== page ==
The Eyes of the World Were Watching: Ghana, Great Britain, and the United States, 1957-1966

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2004-01-08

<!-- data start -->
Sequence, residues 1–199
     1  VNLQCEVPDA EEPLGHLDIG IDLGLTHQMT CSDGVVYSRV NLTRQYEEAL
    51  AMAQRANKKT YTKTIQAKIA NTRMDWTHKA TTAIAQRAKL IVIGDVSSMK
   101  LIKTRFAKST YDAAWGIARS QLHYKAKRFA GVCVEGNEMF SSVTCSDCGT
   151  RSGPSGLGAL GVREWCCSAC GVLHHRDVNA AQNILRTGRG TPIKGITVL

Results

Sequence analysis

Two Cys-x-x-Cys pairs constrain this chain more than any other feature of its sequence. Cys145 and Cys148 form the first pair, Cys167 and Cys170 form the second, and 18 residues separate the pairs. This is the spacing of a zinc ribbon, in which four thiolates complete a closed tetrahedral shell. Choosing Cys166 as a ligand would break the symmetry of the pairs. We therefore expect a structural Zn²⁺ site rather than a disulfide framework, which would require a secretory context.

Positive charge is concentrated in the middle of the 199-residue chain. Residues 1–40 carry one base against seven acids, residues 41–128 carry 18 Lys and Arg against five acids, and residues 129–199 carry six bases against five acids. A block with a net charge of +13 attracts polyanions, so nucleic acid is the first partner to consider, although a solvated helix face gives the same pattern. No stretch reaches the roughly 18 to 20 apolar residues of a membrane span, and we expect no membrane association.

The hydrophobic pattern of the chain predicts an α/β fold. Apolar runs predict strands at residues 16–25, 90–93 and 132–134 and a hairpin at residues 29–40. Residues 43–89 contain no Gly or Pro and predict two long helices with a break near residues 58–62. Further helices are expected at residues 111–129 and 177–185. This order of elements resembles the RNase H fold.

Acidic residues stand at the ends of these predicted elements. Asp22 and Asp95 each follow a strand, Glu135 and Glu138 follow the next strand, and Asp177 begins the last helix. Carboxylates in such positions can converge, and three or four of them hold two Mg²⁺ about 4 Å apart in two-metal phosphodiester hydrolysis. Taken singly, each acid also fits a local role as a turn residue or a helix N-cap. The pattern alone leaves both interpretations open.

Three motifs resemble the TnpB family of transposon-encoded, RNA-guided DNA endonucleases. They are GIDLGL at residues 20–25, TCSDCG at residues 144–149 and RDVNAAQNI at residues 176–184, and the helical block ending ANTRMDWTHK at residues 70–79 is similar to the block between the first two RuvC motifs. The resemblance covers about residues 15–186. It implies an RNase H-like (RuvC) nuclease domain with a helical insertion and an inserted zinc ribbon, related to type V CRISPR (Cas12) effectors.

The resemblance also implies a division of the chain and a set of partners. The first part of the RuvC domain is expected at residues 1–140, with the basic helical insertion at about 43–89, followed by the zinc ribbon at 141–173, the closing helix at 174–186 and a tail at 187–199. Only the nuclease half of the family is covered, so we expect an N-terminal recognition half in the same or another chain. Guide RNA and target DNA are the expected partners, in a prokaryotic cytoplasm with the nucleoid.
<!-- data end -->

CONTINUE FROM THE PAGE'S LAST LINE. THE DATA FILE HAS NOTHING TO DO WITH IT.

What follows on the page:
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This study explores the relationship that developed amongst Ghana, Great Britain, and the United States from Ghana's independence in 1957 to the coup d'état that ended the regime of Ghana's first post-colonial leader, Kwame Nkrumah in 1966. Ghana's position as the first self-governing nation in sub-Saharan Africa captured the attention of the world. Aspiring nationalists, colonial rulers, and Cold Warriors anticipated the impact of Ghana's experience on colonial Africa, and the global balance of power. For Ghana, the transition to independence brought tremendous possibility and complex challenges. While possessing the economic, political, and administrative resources for success, the management of those resources posed rigorous obstacles for Kwame Nkrumah. Nkrumah attempted to unify and strengthen Ghana, making it a leader in African affairs and the world community. For Great Britain, the transfer of power in Ghana began the dismantling of its African empire. The peaceful transition to self-government across British Africa depended upon the results of the Ghanaian experiment. Britain intended to prepare Ghana for success and stability by providing training and governmental models before independence, and securing Ghana's introduction to Western society during its transition. To provide longer-term support for Ghana, Britain enlisted the assistance of the United States. This coincided with an increased US interest in Africa, especially Ghana, as the newest vulnerable front in the Cold War. The United States hoped that positive relations with Ghana would prevent a Soviet foothold in Africa. Despite a rhetoric of support for democracy and self-determination, the United States favored stability above all else in Ghana, even when this came at the price of decreasing freedoms for Ghanaians and the growing authoritarianism of Kwame Nkrumah. The relationship amongst the three nations continued to develop across the 1960s, bringing periods of prolonged mutual interest and success as well as intervals of heightened tension, culminating in the CIA-aided overthrow of Nkrumah's regime. By exploring the goals and strategies of each country, this narrative contributes to an understanding of the transition from colonial rule to independence; the international context of American foreign relations; and the impact of the Cold War in Africa.

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